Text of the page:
The Nek

One of the greatest tragedies in Australian military history occurred at Gallipoli on 7th August 1915, when hundreds of soldiers were repeatedly ordered to charge the massed rifles and machine guns of the Turkish enemy. It was a bloodbath, a hopeless endeavour that has been the subject of considerable scrutiny by historians.

This new edition of Peter Burness’ classic book features arresting new photographs, maps and information. In it, he examines the formation, training and character of the regiments involved and devotes careful attention to considering how, and why, the suicidal charges were allowed to continue when all hope of success was lost.

SPECIFICATIONS:  Paperback | 234 x 153 mm | 9¼ x 6 in | 168 + 8pp Insert Pages |

Peter Burness is a Senior Historian at the Australian War Memorial in Canberra and the Memorial’s longest serving employee. A specialist in the battles of World War One, he has written several books on the subject, and has also worked on numerous permanent, temporary and travelling exhibitions.

The charge at The Nek has been immortalised in art, literature and film and has come to epitomise both the futility and courage of the Gallipoli campaign. This new edition includes new information, maps and photographs.

On 7 August 1915, in an ill-fated attempt to break the stalemate at Gallipoli, hundreds of Australian light horsemen repeatedly charged the massed rifles and machine-guns of the Turkish soldiers.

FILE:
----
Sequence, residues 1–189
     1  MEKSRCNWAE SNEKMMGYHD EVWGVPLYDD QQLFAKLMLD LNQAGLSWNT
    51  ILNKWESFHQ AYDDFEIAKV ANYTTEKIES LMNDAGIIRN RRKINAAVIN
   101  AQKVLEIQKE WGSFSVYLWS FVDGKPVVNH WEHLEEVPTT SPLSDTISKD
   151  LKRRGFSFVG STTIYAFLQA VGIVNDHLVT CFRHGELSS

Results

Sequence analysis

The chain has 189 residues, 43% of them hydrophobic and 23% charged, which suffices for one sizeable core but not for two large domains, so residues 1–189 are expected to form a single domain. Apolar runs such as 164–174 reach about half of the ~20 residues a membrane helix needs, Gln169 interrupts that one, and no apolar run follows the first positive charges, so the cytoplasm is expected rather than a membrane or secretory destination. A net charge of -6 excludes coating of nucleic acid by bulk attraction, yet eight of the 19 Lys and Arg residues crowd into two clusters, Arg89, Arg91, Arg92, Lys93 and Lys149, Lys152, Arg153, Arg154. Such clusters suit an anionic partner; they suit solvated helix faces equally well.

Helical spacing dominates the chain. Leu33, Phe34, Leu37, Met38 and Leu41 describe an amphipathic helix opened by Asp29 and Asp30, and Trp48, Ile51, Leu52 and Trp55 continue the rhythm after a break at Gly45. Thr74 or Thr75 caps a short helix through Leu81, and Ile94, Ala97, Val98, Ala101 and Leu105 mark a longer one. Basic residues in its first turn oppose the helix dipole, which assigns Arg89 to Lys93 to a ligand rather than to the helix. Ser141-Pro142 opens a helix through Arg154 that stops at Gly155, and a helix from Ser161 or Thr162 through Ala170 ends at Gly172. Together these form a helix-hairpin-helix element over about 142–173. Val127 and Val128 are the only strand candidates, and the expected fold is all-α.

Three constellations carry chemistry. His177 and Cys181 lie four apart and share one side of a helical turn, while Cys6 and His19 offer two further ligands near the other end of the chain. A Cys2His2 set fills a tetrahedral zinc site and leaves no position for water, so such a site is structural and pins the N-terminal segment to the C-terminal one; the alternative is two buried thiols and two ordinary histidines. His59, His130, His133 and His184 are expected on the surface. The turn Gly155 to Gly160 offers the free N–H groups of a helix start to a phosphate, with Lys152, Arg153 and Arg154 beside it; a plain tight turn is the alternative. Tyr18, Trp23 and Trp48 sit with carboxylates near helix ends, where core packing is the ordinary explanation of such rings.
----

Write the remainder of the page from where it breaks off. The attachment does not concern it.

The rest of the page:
The charge at The Nek has been immortalised in art, literature and film and has come to epitomise both the futility and courage of the Gallipoli campaign.

In this classic book, Peter Burness provides the best account ever published of the formation and training of the Light Horse regiments (including profiles of the officers involved), the battle itself and a careful consideration of how the suicidal charges were allowed to continue when any hope of success was lost.

For this new edition, the author has updated the text to include new information that has come to light since the book was first published in 1996. New maps and photographs are also included.

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